Saturday at Green Man Festival 2015: Sun, Rain, Television and Super Furry Animals.

August 23, 2015

The kids are all right.

I can’t remember the last time I felt so optimistic about the state of upcoming British music looking at a festival lineup. South Western troubadours Trust Fund open up the Far Out Stage and it is a glorious shambles: seven people dancing around the stage, tapping cymbals, screeching into microphones. This is a landscape of wonderful ditties falling apart at the seams: why are Trust Fund seven when they were a quartet when I last checked on in them? Singer Ellis later tells me “the more people we put in the band, the more free tickets and guests we get”. Focusing on the band’s driving force, Ellis has such an idiosyncratic charisma. After serenading us with the sombre and “deeply socialist” Big Asda song, he apologises for the lack of conversation with the crowd: “I wish I had more to say, but I don’t really know any of you.” His tales from ex-girlfriend’s parents’ houses, supermarkets and working shitty jobs are solidified by a penchant for honesty in his persona. ‘Cut Me Out’ may just be one of the songs of the weekend and it’s all the more endearing when it comes from a band that don’t know it.

It rained so much, that I went to see Towel. The Bristol-based trio are packed onto a diminutive stage on the Cinedrome Tent, backed up by visuals depicting figurines. They’re made up of members of Trust Fund, Joanna Gruesome and, no doubt, other obscure South Western acts. It is a shotgun of screams, dancing, nicely-out-of-time aggressive percussion and quips about qualms with salad like “what’s crawled on that?!” A blunt, slightly naïve worldview being thrown in your face and stabbed into your stomach makes for an unusual and unforgettable experience.

Performance after performance, record after record: Marika Hackman manages to exceed expectations. Having seen Hackman (Marika, not Gene) at the Rough Trade Tent and Walled Garden a couple of years back, there’s a synergistic satisfaction here. There’s a depth in songwriting that you’ll seldom find, and that’s why she’s evolved so quickly. She divulges on her album, sentimentally, managing to build tension and alleviate that intensity with little effort, on the “biggest stage” she’s ever played on. It wouldn’t be unrealistic imagine Marika closing the Mountain Stage in years to come.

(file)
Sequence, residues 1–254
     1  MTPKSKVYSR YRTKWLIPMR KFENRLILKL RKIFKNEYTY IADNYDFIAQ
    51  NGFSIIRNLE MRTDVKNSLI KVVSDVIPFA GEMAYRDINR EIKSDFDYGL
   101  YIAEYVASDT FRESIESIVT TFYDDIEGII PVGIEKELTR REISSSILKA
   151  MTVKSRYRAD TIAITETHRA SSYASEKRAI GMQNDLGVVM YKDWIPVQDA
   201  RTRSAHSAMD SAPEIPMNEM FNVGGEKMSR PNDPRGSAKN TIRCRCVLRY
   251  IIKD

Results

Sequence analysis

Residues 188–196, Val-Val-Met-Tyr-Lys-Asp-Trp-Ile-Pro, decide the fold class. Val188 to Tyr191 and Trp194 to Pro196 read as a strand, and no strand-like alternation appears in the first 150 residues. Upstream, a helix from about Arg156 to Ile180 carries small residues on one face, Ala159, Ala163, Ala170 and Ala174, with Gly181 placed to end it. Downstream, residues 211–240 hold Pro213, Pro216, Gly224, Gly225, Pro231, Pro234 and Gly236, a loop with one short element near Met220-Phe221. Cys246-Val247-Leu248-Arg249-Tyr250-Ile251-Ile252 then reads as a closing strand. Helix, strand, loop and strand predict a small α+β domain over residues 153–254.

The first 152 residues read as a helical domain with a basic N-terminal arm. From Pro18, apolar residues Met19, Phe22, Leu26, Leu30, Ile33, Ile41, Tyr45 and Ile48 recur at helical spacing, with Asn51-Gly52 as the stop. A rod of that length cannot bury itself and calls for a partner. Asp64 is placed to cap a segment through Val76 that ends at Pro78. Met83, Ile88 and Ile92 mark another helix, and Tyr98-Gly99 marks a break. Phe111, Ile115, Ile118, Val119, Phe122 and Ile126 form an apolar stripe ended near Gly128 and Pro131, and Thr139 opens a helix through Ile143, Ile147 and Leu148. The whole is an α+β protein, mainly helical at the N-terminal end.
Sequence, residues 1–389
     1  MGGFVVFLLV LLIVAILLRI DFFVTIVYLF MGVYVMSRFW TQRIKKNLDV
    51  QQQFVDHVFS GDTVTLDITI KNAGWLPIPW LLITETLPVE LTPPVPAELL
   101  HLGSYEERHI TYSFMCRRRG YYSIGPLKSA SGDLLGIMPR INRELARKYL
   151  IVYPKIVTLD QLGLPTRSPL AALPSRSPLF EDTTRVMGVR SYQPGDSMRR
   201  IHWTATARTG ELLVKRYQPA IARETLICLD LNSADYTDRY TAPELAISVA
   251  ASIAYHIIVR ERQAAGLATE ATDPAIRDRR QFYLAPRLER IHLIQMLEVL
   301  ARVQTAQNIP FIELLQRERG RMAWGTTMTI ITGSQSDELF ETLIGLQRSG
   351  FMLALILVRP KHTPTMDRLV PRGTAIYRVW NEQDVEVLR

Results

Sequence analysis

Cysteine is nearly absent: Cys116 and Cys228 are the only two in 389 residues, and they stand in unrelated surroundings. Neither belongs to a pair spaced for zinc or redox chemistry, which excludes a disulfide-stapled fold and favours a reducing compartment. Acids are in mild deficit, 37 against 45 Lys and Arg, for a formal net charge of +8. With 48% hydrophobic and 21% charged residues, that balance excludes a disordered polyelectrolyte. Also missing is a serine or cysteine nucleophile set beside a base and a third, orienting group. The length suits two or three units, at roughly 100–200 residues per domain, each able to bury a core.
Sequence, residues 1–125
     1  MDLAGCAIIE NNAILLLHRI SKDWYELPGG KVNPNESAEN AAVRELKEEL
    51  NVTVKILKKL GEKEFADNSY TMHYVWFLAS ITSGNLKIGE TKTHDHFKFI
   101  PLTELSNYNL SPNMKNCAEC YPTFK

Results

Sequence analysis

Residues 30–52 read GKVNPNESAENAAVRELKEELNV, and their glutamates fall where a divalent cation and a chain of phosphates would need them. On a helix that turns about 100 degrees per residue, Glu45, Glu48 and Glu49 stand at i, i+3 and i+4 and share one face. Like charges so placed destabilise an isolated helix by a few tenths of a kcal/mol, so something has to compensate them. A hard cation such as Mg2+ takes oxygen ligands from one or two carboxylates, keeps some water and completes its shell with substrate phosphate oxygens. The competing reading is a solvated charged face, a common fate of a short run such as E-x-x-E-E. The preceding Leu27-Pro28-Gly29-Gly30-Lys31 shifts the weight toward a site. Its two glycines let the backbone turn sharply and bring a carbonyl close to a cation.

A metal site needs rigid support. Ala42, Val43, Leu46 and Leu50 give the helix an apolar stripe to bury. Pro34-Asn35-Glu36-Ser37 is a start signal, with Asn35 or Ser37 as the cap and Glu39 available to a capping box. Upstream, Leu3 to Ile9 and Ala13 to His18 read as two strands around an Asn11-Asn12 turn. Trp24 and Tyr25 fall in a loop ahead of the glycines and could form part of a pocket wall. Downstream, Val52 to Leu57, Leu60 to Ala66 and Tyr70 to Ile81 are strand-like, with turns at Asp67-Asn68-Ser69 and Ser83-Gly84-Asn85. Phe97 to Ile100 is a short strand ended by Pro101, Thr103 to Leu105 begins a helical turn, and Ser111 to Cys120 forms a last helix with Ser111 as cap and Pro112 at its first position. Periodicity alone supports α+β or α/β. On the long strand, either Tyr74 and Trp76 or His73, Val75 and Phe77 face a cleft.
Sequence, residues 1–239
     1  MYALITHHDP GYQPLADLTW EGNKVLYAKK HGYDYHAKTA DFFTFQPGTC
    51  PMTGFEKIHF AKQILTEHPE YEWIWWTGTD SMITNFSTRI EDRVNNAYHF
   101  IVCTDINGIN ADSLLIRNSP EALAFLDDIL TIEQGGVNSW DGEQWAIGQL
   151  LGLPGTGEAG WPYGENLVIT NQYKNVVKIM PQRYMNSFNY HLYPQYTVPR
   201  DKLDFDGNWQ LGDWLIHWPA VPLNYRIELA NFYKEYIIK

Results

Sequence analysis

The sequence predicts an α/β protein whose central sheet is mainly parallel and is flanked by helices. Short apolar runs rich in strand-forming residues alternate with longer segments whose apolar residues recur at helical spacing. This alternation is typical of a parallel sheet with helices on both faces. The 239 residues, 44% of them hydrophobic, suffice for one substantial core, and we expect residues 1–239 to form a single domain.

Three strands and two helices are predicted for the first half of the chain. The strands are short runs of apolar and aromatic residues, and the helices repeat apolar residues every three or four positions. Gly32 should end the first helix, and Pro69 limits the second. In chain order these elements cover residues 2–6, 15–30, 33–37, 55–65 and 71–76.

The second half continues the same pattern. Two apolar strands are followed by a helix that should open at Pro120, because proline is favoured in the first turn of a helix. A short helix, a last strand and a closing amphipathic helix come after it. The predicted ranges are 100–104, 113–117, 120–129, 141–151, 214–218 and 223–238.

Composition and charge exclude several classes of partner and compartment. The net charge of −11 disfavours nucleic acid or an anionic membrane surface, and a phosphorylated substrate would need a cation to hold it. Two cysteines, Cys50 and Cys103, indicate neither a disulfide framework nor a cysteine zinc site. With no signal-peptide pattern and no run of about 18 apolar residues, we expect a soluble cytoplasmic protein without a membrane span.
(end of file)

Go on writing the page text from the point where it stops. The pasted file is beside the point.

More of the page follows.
Marquee Moon.

There’s so much trepidation surrounding Television from the moment their name is pulled out the hat for Green Man. My friend – who happens to be a huge fan – actually laughed when I said Television were playing. Well, basking in the blue light that Tom Verlaine keeps requesting, one thousand prophecies died tonight: they’re fantastic. They sing “rolling back the years” with ‘Torn Curtain’ and the only thing that looks out of place on Green Man’s Mountain Stage is the traditional left hand drumming style held on the drums. It is the title track and the group’s most renowned piece, ‘Marquee Moon’ that harnesses the crowd and transposes them to a world more three-dimensional and dynamic than any other across the weekend.

Welsh enough for you?

H Hawkline speaks straight-faced to a silent Far Out Tent in Welsh, a man cheers, and he dedicates the set to him. There’s a concern amongst the Green Man natives of the festival about it losing sight of its core. However, in the shadow of the Black Mountains covered in Welsh water, it’s hard to envisage a reality where the poetry of the land doesn’t inform this weekend. Gruff Rhys, intermittently answering questions at a Q and A in Welsh or English, as he sees fits addresses the issue of being protective of the culture in releasing their language record ‘Hywl’: “we just wanted to make a record in the language we speak in, there wasn’t any grander agenda”. However, as the ever-consuming cult-heroes Super Furry Animals later launch into their fourth piece of the album, spinning a cue card with English on one side, Welsh on the other, you can’t help but see the conflict or at least the symbiosis. Whether it’s the tentative and wonderful Meilyr Jones and his compelling artistry, the Welsh language films in the Cinedrome or the phrasebook in the programme, the Cymru presence on Glandusk Estate is stronger than ever. As the crowd sings ‘Juxtapozed With U’ to back to Gruff, it all feels awfully poignant.

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